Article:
|Concentration risk, with heavy dependence on few geographies and customers||The Company is developing a detailed supply chain mechanism to increase its share of e-commerce. Currently, it is working on finalising logistics and warehouse management for the same.|
|Inability to expand operations / fear of losing opportunity towards additional demand on account of space constraint at existing plant locations. Concentration risk, since a majority of its plants are located in the state of Gujarat.||The Company plans to cater to incremental demand through outsourcing. To that effect, it has garnered many strong relationships with vendors that align with our quality and excellence. Going forward, the Companys own capacities will only cater to US and UK customers.|
|The management is looking to explore design changes at the existing plants to explore if additional production lines can be set up. Moreover, the Company is now manufacturing Flooring products and has also commercially started expanded operations for Spunlace in the state of Telangana|
|Impact on profitability and cash flows due to withdrawal of rebate in taxes||This risk will impact the entire Textile industry, if it fructifies. The Company would continue to engage through industry forums like ASSOCHAM to make formal presentations to the Government as necessary.|
|Cyber vulnerability leading to breaches in systems and leaking of the Companys||A maturity map /scorecard for different activities has been created across different risks (operational. IT infrastructure, application, end point) and around 235+ control points have been identified.|
|Inability to attract and retain talent||The Company works towards upskilling to achieve higher productivity, and takes appropriate measures to retain high skilled workers.|
|Operating risks, such as||• A substitute of 60 PVA has been identified (Mint yarn), and materials can be sourced from Japan easily, although it marginally increases the cost of production. WIL has initiated procurement of the same.|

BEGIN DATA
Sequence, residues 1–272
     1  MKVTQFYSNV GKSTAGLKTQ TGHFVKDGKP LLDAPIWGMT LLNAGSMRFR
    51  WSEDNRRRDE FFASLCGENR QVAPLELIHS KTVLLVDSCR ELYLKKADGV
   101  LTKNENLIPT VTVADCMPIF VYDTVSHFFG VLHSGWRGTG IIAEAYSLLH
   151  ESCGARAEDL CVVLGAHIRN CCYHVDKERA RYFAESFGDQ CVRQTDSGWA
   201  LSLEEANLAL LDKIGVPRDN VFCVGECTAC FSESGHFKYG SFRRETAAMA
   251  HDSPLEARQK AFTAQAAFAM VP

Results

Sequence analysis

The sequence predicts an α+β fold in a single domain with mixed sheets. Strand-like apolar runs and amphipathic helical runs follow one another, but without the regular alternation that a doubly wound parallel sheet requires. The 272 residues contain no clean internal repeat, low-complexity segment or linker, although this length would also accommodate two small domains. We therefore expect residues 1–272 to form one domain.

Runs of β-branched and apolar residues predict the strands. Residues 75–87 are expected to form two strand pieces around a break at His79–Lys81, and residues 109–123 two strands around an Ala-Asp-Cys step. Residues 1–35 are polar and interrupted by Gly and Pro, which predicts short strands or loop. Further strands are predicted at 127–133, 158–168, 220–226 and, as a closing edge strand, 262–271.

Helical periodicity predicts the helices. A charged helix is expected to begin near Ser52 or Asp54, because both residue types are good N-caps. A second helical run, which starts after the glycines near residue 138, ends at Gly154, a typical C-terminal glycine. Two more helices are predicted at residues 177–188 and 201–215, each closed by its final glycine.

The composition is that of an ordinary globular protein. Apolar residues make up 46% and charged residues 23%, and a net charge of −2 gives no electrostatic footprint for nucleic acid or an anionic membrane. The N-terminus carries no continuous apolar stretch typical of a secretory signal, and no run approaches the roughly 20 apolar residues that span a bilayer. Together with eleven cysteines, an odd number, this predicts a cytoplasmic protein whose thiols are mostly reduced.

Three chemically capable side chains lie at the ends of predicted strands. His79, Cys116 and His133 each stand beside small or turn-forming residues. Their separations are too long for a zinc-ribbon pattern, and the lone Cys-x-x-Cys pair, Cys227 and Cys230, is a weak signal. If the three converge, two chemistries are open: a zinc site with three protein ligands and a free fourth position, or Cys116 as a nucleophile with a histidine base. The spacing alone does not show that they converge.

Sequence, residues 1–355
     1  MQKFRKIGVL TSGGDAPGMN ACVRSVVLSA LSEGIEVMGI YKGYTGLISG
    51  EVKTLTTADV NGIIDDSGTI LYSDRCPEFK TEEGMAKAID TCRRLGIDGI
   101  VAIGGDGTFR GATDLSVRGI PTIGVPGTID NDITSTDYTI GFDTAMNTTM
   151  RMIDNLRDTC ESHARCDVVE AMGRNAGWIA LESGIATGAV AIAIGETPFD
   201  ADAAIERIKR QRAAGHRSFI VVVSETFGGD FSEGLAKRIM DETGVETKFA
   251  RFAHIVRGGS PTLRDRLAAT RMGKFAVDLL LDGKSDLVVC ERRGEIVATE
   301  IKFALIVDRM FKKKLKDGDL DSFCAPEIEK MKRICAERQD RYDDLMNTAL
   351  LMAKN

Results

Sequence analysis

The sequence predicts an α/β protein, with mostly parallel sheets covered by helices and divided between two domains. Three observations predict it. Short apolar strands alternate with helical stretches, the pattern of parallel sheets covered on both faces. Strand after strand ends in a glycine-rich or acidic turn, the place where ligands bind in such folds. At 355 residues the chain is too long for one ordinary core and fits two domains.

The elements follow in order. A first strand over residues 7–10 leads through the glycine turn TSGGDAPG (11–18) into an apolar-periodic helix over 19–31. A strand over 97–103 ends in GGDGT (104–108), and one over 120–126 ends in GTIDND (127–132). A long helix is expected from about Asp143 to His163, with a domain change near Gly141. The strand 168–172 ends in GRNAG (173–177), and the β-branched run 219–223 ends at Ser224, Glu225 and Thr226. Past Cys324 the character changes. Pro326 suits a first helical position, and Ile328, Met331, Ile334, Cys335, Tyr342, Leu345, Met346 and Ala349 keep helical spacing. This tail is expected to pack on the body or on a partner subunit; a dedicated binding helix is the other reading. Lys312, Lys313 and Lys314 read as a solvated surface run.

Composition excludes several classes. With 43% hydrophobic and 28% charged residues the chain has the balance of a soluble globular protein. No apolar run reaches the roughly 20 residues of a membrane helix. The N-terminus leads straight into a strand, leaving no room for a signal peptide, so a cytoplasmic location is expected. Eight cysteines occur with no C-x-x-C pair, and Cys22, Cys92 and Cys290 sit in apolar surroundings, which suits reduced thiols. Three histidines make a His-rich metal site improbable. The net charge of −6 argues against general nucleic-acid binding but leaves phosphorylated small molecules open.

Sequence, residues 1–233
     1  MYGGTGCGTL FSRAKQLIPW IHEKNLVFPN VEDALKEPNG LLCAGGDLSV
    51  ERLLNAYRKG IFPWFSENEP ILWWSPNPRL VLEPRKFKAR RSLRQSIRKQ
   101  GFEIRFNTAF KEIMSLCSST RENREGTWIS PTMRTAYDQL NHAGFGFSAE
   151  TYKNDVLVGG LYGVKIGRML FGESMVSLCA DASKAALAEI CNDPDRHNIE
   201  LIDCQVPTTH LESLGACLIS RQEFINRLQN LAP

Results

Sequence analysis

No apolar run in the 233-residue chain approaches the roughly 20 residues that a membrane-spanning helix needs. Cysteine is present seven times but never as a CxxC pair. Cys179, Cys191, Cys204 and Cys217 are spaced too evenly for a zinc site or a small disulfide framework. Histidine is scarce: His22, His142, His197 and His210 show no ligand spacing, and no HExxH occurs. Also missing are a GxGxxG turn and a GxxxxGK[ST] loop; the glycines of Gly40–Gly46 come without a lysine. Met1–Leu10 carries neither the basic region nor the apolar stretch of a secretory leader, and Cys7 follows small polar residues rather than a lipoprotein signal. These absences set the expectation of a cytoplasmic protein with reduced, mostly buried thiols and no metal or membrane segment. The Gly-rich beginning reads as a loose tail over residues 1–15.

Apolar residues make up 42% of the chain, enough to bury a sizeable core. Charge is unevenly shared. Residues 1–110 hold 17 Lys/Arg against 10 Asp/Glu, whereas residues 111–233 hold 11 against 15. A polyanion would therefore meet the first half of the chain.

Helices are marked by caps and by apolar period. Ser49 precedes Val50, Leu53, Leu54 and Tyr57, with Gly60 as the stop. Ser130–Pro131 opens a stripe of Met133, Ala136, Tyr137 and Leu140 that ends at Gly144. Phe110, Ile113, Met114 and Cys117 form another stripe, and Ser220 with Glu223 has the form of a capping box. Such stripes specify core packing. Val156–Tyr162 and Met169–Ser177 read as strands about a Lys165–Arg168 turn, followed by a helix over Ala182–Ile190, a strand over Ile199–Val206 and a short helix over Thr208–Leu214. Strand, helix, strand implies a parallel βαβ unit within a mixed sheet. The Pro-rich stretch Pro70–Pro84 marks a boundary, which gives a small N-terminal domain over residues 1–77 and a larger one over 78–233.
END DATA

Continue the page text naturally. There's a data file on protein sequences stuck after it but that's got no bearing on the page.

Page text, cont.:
|• Volatility in cotton prices may impact profitability adversely||• The Company is developing relationships in other countries, especially Tanzania, Turkey and Myanmar, for organic cotton.|
|• Non-availability of Key Raw Materials resulting in supply chain issues||• Within India, it plans to tap the organic farming practices in Maharashtra and Gujarat|
|• Non fulfillment of customer orders due to limited availability of specialised/organic cotton||• A detailed business plan is being presented to the Management for replacement of Old Looms|
|• Use of obsolete technology impacting economic efficiencies.||• The global sourcing team at WIL is working to identify vendors across multiple geographies to undertake localised production|
|• Impact on business continuity due to the COVID-19 pandemic and other such world affairs|
|Inability to attract and retain talent||The Company constantly innovates to stay ahead of its competition. To that effect, it has diversified its portfolio to include new products like Welspun Flooring. It also keeps undertaking measures to continually stay ahead of the curve and differentiate itself through its superior scale and quality as well as deep strategic relationships with clients. The growing contribution from Brands too add to the competitive edge that the Company already enjoys.|
With over 24,000 employees on its payroll, the WIL workforce is among the Companys most critical assets. WIL constantly invests in the up-skilling of its workforce and creates a nurturing and supportive environment for them to enable them to learn, grow and thrive. The Company provides various platforms such as events, programmes and training sessions, to induce team spirit while also helping them enhance their skills, thus ensuring a positive work environment and culture that inspires them to perform with precision and productivity.
Internal Control Systems and their Adequacies
The internal control system includes the policies, processes, tasks, behaviours and other aspects of WIL, which when combined, facilitate effective and efficient operation, quality of internal and external reporting, compliance with applicable laws and regulations. WILs objectives, its internal organisation and the environment in which it operates are constantly evolving and as a result, the risks it faces are continuously changing as well. To make its internal controls effective and sound, WIL thoroughly and regularly evaluates the nature and extent of such risks to which the Company is exposed. The operation and monitoring of the system of internal control has been undertaken by individuals who collectively possess the necessary skills, technical knowledge, objectivity, and understanding of the Company, industries and markets in which it operates. The qualified, experienced and independent Audit Committee of the Board of Directors actively reviews the adequacy and effectiveness of internal controls systems and suggests improvements whenever required. WIL has a strong and effective Management Information System, which is an integral part of its control mechanism.
Gold/NCD/NBFC/Insurance and NPS
Gold/NCD/NBFC/Insurance and NPS